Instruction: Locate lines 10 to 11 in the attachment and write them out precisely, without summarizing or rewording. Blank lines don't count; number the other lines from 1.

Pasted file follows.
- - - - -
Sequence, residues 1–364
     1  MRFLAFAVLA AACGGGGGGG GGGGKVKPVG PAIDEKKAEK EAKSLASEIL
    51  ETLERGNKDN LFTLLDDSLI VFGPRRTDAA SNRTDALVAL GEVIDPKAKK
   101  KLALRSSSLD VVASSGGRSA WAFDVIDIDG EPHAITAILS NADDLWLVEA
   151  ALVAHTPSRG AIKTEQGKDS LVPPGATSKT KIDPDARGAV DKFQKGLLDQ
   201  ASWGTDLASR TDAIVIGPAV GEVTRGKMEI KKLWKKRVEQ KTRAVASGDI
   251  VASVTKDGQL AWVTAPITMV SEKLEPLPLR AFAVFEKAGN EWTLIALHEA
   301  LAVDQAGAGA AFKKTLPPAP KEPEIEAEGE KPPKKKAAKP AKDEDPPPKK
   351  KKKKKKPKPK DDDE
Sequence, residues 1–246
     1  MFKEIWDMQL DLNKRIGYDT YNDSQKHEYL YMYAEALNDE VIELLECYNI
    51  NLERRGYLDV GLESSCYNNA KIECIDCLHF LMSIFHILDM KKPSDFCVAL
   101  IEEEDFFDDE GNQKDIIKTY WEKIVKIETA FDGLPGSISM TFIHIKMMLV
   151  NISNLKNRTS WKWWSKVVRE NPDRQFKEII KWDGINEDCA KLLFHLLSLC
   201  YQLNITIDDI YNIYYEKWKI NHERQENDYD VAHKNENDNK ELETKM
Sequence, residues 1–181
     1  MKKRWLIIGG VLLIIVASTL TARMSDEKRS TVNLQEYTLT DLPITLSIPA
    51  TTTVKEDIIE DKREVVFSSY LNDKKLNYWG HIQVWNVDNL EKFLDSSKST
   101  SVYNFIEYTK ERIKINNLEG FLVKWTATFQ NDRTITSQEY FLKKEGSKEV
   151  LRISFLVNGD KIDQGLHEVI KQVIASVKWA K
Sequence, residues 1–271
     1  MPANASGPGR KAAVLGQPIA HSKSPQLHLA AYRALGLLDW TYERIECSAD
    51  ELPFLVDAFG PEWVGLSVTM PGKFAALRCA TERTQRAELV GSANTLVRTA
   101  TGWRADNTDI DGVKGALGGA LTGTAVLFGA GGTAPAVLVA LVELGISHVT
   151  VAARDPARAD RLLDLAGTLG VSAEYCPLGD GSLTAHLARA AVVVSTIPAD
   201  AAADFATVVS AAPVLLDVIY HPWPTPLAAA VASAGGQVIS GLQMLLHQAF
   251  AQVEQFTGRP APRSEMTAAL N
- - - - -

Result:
Sequence, residues 1–246
     1  MFKEIWDMQL DLNKRIGYDT YNDSQKHEYL YMYAEALNDE VIELLECYNI